Producing around 10 kg per ha per month
    Whereas large fish can first be harvested after about 5 months and their
    productivity climbs steadily over the course of a production cycle and not surprisingly peaks early in the new year when most of the harvesting takes place.
    This steady supply of small amounts of mola could potentially make a valuable contribution to household nutrition provided those that need them most are consuming them regularly.
  • We’re also looking at ways to link this production data potential contribution to household nutrition.
    This table shows a selection, just 4 species out of the possible 9-10 species cultured in carp-small fish polyculture ponds and their respective micronutrient contributions.
    Production here is in kg of edible parts per ha per season
    Different species have different micronutrient profiles so some species are more ‘valuable’ nutritionally, than others.
    For example for similar quantities of the large fish catla, mola offers over 100 x the vitamin A content, 23 x the iron content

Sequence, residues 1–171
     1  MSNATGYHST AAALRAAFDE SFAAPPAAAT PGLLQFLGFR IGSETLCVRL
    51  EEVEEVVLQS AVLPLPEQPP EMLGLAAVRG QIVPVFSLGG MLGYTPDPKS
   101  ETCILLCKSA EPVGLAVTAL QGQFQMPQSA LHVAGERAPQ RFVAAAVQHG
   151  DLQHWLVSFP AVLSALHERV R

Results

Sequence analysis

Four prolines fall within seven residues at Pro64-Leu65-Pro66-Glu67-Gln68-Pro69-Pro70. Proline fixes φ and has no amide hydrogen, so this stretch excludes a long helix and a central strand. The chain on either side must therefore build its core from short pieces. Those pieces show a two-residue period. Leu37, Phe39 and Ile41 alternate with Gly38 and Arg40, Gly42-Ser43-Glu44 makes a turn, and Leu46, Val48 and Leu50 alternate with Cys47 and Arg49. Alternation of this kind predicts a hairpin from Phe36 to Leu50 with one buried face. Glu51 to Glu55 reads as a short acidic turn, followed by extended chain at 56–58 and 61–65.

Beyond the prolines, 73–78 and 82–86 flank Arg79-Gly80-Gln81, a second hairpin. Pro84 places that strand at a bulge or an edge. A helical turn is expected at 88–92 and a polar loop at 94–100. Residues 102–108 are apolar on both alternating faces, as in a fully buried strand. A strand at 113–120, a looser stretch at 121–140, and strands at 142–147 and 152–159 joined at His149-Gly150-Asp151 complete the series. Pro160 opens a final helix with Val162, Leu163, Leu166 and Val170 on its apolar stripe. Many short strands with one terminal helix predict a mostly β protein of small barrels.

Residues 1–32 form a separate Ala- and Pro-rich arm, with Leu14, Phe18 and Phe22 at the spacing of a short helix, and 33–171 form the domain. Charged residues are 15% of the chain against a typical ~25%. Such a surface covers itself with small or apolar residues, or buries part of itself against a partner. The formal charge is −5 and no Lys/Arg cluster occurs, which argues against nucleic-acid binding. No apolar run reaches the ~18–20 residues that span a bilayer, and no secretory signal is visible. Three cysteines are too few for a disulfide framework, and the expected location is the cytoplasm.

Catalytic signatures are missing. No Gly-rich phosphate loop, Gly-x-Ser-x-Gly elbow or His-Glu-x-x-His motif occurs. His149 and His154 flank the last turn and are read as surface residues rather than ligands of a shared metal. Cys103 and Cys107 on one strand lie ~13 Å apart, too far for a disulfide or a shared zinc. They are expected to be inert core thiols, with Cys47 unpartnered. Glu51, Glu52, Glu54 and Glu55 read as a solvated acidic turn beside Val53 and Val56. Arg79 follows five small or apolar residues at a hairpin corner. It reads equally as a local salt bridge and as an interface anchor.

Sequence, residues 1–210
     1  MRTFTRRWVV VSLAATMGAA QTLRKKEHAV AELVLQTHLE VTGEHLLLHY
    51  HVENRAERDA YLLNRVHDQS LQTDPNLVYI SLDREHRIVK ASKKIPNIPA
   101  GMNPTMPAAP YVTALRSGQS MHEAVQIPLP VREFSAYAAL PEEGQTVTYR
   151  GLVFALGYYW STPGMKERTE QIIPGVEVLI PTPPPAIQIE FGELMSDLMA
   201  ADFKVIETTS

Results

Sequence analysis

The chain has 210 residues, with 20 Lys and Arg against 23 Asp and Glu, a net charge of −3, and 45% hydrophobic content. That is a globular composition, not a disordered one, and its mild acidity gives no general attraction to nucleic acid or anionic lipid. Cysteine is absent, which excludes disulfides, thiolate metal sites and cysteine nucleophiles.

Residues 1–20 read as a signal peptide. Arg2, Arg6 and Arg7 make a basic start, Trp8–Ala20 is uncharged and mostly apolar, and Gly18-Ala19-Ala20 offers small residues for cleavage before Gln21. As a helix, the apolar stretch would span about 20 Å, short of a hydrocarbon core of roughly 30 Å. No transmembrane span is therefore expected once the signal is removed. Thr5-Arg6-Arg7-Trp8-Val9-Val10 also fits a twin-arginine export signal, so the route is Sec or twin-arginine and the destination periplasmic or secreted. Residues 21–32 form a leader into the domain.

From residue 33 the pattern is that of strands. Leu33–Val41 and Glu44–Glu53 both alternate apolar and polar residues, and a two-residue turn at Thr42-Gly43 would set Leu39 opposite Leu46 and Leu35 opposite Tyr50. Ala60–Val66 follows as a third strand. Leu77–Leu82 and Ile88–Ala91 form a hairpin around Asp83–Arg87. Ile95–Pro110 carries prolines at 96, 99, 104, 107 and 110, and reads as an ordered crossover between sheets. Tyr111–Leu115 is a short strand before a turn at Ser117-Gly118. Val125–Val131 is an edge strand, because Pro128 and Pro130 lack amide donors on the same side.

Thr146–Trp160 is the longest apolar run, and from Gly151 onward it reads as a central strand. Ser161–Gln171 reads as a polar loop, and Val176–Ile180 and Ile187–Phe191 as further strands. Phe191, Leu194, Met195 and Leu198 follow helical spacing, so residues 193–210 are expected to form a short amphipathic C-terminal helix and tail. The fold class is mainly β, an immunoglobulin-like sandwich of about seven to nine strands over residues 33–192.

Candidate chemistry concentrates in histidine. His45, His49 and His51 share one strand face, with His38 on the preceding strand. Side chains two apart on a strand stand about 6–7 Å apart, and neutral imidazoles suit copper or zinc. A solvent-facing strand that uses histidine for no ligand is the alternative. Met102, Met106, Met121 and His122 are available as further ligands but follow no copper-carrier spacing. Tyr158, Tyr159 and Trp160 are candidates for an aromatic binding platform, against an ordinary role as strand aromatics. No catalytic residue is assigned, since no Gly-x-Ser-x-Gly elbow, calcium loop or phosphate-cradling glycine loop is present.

There are even differences within the large fish species. For example, over 1000 kg of silver carp doesn’t provide any vitamin A whereas just 200 kg of common carp offers 120 mg of vitamin A
    On these last two rows I’ve totaled up the production figures from the intervention or trained farmers verses those farmers who did not receive any training or mola broodstock.
    These numbers tell a clear story – overall production is higher, protein and iron are higher and the production of vitamin A is 14 times that of the control farmers.
    RAE = retinol activity equivalents
    Ok so that’s the overall picture when producing small fish in ponds but what is the effect of producing small fish in wetlands?
  • Again here’s our map of Bangladesh
    All of these smaller dots represent interventions or projects under which community based fisheries management has been established
    As part of these some of these CBFM projects, mola fisheries have been enhanced through a once off stocking of about 100 g mola per ha
    The areas where this is occurring are represented by the larger circles.
    And I will present some data from the Sunamganj region
    Rajsahaha – raj-sha-hee
  • This table shows the top 6 species by volume which were caught from the water body Soma Nodi, in the Sunamganj area in 2013